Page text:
The Zero Carbon Hub, a public/private body set up to develop a zero carbon standard for homes has closed it was announced earlier this month. This signals a formal end in the short term to the UK’s attempts to set a zero carbon standard for building new homes. In the long term, if we are still in the EU, and the UK government doesn’t stall on implementing it, or waters is down, Nearly Zero-Energy Buildings under the EU Energy Performance of Buildings Directive aims to force member states to build near zero carbon homes by the end of 2020.
From Transition Bath’s perspective we feel with this closure, and the recent policy changes from this government that our chances of meeting the UK’s 2050 carbon targets are rapidly receding. By 2050 all the UK’s buildings will have to be zero carbon, to achieve this we will either have to find an unlimited source of renewable energy and/or make our buildings much more energy efficient. It seems to us a very short term government policy to halt progress towards zero carbon homes, if within 30 years of being built today new homes will have to be retrofitted to make them more energy efficient.
Given Transition Bath’s work encouraging home owners to retrofit their homes to make them more energy efficient, it would great to not to have to do work on newly built homes in future, reducing the scale of our task. We have long pointed out that economically building homes to a zero carbon standard makes very good sense in that the additional capital costs are quickly offset by reduced running costs, with payback of less than 10 years. Unfortunately, the current government when doing a cost benefit analysis of their decision to not move forward on Zero Carbon Homes, specifically excluded including the benefits to home owners, and UK plc in reduced energy bills and energy imports, in favour of only analysing the benefits to housing developers. This decision to us makes no rational economic sense, as it doesn’t even increase the cost of new homes in most of the country and particularly in the south east where most homes are being built.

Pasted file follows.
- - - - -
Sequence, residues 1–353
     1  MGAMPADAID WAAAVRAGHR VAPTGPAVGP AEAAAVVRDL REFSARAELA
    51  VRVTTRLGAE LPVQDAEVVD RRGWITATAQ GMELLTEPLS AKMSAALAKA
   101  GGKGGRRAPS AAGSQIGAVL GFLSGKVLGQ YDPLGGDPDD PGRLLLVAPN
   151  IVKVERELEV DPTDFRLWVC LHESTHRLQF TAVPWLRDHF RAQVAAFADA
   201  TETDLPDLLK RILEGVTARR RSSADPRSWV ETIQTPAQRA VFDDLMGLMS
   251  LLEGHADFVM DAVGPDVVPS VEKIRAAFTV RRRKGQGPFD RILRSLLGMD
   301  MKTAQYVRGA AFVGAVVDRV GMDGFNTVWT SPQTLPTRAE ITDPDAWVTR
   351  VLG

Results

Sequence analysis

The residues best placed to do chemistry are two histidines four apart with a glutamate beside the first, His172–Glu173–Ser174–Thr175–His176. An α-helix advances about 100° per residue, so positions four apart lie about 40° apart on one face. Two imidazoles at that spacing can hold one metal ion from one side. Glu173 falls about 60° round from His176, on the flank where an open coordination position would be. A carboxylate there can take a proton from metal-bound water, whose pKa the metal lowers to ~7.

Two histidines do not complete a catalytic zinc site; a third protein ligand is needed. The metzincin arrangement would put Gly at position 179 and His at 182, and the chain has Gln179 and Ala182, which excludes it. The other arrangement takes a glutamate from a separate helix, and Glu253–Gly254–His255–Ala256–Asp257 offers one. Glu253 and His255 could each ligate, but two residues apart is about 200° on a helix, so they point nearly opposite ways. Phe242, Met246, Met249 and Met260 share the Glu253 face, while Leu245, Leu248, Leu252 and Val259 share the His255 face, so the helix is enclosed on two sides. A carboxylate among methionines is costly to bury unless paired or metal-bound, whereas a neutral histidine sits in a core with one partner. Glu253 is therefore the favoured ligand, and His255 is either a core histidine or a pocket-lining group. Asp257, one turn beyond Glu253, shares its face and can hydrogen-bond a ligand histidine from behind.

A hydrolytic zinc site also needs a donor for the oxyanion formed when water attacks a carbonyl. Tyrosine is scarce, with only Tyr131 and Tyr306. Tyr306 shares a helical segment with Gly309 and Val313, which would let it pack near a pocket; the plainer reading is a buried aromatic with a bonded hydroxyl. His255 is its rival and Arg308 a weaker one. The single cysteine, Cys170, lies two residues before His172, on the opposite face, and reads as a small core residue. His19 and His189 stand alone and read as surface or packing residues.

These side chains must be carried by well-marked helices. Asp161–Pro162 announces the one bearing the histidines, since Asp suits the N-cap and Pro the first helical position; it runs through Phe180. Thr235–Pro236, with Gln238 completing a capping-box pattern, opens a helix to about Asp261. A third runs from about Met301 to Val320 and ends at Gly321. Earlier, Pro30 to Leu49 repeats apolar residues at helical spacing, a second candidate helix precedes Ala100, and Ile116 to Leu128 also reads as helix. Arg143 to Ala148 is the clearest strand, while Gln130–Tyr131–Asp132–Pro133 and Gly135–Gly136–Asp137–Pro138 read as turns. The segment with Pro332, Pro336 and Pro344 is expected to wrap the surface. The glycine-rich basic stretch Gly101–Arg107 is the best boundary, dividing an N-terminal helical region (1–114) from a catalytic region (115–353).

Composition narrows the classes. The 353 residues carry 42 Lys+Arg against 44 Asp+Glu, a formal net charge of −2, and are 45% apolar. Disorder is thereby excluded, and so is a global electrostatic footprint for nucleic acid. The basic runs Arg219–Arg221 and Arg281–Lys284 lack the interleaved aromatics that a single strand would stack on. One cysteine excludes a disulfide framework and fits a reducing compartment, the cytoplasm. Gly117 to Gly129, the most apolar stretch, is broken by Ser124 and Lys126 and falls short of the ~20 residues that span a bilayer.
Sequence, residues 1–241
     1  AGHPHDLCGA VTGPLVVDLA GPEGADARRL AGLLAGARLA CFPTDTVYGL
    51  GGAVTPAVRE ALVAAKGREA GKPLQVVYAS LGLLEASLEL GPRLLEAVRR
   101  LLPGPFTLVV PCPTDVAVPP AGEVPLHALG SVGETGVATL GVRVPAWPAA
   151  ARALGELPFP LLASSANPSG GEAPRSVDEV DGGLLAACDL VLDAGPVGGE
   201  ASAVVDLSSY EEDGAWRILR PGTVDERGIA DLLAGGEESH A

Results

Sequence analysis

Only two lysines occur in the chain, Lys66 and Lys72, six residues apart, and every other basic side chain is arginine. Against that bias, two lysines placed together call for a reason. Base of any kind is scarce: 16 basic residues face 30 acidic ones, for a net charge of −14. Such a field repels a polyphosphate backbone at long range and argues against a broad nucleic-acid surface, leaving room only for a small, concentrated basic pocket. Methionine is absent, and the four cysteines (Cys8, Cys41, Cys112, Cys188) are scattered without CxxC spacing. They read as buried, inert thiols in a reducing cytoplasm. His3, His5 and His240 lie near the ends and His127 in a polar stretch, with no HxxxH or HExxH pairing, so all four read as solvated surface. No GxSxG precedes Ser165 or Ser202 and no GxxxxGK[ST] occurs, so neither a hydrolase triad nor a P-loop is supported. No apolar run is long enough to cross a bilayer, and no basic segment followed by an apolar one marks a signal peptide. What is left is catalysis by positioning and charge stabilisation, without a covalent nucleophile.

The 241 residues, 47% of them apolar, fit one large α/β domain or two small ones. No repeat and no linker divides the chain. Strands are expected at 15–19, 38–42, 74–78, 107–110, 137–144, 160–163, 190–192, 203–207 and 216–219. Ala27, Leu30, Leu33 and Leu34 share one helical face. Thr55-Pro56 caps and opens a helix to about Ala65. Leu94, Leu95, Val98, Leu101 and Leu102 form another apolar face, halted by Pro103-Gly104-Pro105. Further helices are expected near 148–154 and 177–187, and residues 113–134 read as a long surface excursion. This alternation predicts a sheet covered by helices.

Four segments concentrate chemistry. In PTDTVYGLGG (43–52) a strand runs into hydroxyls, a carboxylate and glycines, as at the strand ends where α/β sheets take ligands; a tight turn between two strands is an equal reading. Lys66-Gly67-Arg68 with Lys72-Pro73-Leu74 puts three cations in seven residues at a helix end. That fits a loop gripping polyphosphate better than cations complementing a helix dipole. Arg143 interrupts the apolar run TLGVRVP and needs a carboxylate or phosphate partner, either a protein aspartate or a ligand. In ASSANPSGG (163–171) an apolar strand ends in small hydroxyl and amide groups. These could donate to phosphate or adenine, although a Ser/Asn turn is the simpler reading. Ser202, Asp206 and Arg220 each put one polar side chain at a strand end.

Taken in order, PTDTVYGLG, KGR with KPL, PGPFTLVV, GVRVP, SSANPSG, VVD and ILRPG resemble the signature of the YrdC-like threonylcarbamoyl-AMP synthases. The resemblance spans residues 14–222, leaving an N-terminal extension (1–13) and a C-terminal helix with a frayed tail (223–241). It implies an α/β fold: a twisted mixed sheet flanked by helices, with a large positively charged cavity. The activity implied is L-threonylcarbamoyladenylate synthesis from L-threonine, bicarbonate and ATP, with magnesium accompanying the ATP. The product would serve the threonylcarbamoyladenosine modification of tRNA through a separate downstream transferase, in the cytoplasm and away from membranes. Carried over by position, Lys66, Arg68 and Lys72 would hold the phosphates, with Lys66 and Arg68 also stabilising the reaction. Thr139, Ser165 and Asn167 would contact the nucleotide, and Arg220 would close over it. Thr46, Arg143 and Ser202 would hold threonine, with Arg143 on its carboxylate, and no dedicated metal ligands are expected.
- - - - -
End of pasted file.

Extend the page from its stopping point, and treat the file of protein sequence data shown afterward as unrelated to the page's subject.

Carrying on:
We suspect undue pressure from larger developers on the Department of Communities and Local Government has led to this evidence free change of policy.
Also, with the demise of the Zero Carbon Hub we are concerned work on the ‘Performance Gap’ won’t be taken forward. This was a project which researched the ‘performance gap’ between the theoretical energy models e.g. SAP and EPCs and the actual energy performance of newly built buildings. On average new homes use 40% more energy than that predicted by SAP and much of this difference comes from the poor quality of building by our larger developers; missing insulation, thermal bypass, poor air permeability, substitution of inferior materials etc.. Its frustrating for us that we work to support home owners in making their homes more energy efficient and draught-proofed, and that this work is equally applicable to our 200 year old homes as it is to homes recently built; we feel modern homes should be built to a standard that they are already energy efficient.